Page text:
Style Infusion

It's impossible that West Virginia's interior anchors could be any different. But if they can combo their styles, the Mountaineers will have the base of an interchangeable front three that could be its best in a decade.

Pat Liebig and Keilen Dykes, on the surface, are the essence of Type A and B personalities. Where Dykes uses talent and a serious, educated approach, Liebig infuses toughness and a superior work ethic into the line. They are, quite literally, each their position, Dykes' tackle spot being a playmaking area – one which allows for end rushes and calls for confidence – and Liebig's nose tackle a dirty, dogged grind each snap.

The latter's quiet determination is evident via his playing time at end as a true freshman – when Liebig's drive and knowledge of the defense forced the coaching staff to insert him – and by his amicable but brief interview answers. He has worked back from a serious knee injury in his first career start versus Pitt to win the Iron Mountaineer Award as the top weight room performer twice, the latter time coming this spring, when he bested all linemen in 225-pound lifts (24 times), a 545-pound squat and 370-pound hang clean.

Dykes, a junior going into his third year as a starter, is an athletic, instinctive player whose abilities are exceeded perhaps only by his brash humor. ("Gotta keep that body for the ladies," he said of summer workouts.) He's a serious competitor with the demeanor of a Labrador retriever, jovial enough, but always wanting to bite off a bit more. He hasn't yet blossomed into the player line coach Bill Kirelawich believes he can be, but has always seemed on the cusp of great production.

The two settle a deep front that will offers promising-but-not-proven rush end Johnny Dingle, reserve Craig Wilson, who can man multiple positions, and end Warren Young. Doug Slavonic is slated to backup Dykes once he recovers from a foot sprain.

"We have depth," Liebig said. "We have six main guys. Now we're looking for seven and eight."

If they find them – and it seems as though at least Scooter Berry will also play – WVU is primed to match or exceed its 2005 production, when it helped hold foes to 2.9 yards per carry and tallied 29 sacks. It has limited opponents to no more than 3.6 ypc each year in its last three seasons, and four of the top five players are back, with the noticeable loss of nose tackle Ernest Hunter, a first-team all-Big East selection. How noticeable will depend upon Liebig, who will be the belly of the Mountaineers' beastly run defense.

"At the end of last season (Liebig) was playing as well or better than any defensive lineman we have had," head coach Rich Rodriguez said. "He is a strong guy, a tough guy and probably epitomizes what our program is about: A guy who hangs in there and battles and gets his shot and makes the most of it."

Liebig was born in Germany and lived there until he was 5. He wasn't exposed to an oblong football as a toddler, and didn't grow up playing the game as much as Dykes. After a solid career at Class 5A (big school) Naples High in Florida, where his parents, Thomas and Gabriele, eventually settled, the now 6-4, 270-pound Liebig greyshirted before coming to West Virginia.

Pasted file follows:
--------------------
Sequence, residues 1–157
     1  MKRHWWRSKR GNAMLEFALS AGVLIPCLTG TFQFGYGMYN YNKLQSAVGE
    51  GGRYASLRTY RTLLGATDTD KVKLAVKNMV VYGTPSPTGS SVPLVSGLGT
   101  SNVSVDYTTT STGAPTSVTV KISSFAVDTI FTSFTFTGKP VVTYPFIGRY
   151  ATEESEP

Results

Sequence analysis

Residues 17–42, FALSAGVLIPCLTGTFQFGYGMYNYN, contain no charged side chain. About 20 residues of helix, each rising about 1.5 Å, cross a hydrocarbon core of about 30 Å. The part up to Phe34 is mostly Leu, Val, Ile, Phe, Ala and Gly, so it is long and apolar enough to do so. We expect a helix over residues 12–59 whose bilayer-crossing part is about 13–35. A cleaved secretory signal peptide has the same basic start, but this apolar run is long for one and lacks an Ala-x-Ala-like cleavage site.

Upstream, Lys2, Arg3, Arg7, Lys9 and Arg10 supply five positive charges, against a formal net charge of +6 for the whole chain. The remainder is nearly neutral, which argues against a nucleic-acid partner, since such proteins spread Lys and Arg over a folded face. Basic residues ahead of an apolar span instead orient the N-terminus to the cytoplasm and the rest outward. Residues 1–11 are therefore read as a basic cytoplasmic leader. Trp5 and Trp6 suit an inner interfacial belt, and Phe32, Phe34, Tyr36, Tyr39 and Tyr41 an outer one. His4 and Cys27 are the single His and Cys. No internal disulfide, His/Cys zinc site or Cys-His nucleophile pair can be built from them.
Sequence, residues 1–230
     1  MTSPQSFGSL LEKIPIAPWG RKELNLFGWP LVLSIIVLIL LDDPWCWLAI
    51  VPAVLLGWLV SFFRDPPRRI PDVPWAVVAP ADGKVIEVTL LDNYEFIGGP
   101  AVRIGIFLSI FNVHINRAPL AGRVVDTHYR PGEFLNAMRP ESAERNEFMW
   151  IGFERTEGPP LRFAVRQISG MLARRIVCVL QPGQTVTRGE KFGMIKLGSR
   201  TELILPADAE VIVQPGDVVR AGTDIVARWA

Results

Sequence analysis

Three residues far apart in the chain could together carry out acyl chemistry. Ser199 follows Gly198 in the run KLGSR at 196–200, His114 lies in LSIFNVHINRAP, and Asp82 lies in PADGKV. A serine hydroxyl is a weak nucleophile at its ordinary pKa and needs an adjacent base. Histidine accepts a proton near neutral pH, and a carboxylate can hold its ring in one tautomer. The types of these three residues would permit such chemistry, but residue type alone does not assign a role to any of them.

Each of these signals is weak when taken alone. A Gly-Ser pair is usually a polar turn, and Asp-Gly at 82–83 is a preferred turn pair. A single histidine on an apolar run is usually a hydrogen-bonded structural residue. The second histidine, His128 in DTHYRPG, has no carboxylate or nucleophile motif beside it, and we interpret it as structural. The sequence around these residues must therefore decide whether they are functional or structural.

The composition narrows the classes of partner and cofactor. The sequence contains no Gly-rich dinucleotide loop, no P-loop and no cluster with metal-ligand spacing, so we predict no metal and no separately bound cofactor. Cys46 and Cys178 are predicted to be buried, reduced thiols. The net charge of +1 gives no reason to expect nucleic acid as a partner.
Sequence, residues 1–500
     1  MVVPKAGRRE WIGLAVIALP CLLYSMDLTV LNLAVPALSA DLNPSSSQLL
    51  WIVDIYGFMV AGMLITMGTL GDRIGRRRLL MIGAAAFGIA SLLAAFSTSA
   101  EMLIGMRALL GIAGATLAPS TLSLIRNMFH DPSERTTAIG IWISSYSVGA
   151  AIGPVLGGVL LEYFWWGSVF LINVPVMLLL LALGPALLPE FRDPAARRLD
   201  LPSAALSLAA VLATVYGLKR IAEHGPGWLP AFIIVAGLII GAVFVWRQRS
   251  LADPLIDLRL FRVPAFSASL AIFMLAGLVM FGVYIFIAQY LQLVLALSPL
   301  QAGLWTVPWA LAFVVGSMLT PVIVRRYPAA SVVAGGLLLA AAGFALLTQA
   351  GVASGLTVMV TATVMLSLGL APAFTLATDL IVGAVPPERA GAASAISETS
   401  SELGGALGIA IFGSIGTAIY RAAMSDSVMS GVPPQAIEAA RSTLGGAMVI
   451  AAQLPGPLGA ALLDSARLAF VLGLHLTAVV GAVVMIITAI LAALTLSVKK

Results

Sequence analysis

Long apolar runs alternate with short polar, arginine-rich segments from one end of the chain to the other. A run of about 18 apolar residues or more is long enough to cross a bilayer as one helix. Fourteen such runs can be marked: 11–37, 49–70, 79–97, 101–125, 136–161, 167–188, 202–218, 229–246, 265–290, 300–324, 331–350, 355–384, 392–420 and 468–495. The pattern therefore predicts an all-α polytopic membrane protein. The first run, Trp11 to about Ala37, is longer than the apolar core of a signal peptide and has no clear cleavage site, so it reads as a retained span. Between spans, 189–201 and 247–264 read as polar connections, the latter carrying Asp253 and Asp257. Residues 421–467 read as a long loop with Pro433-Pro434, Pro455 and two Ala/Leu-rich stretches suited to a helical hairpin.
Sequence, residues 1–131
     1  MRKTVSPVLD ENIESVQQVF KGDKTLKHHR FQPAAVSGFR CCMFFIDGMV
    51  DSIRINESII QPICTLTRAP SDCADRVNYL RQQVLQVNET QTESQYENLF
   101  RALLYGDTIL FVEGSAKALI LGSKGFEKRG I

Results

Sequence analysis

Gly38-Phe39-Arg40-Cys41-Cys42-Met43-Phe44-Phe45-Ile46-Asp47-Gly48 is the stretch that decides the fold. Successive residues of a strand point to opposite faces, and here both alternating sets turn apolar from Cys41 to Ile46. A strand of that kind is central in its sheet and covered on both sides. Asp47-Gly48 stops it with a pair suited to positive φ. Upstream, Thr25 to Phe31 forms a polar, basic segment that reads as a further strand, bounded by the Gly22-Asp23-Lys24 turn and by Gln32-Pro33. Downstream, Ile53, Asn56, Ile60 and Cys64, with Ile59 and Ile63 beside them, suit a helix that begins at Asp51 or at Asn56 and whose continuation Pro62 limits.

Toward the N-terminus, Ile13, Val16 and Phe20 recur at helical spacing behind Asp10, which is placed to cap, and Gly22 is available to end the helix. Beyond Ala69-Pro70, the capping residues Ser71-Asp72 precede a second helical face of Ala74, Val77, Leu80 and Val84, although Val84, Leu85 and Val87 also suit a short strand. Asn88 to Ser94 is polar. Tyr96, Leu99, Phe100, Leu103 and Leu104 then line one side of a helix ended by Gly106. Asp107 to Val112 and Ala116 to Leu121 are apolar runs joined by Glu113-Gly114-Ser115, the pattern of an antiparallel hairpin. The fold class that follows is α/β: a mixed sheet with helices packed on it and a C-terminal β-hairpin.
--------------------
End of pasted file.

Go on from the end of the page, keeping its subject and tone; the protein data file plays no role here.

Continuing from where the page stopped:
He had other colleges higher on his list, but the Mountaineers offered the deferred enrollment, which is a staple of the collegiate transition in Germany. It fit with Liebig's desire to work for six months, which he did at his family's car dealership. Since his signing, he has battled back spasms and the knee injury, but appears ready to fill perhaps the most important role in the odd stack defense.

"He is very, very valuable to us, and in our defense, when we have an outstanding nose guard it makes the whole thing work," Rodriguez said. "We have been fortunate to have them, back to Ben Lynch and Ernest Hunter to Pat Liebig. If he can bring that to us this year, it is going to make the defense very good."

Add in Dykes and Dingle, who will flank Liebig, and WVU is set at the three spots with a combination of power and speed, both of which could morph the line from merely a stop-gap setup into one that can better pressure the quarterback. Dykes, at 6-4 and 290 pounds, especially fits both roles, having good reach and the speed and mobility to get around and through offensive tackles. The Youngstown, Ohio native had five sacks in 29 tackles last year, showcasing his big-play touch and, of yet, unrealized potential.

"Keilen is a good football player. We expect him to make more plays this year," Rodriguez said. "He has all the ability."

The two have combined for 94 career tackles, 17 for loss. Dingle, a 6-3, 255-pound junior, played behind Wilson last year and made 13 stops in 12 games, 3.5 for loss. Of those, three were sacks.

"We got some strong boys up there," all-Big East linebacker Boo McLee said. "Dykes, Liebig, Dingle. Everybody is big and fast and physical. Since we have that and our depth, this is probably the best defense we have had since I have been here. Hopefully they can make some more plays this year and free us up to do what we need to."

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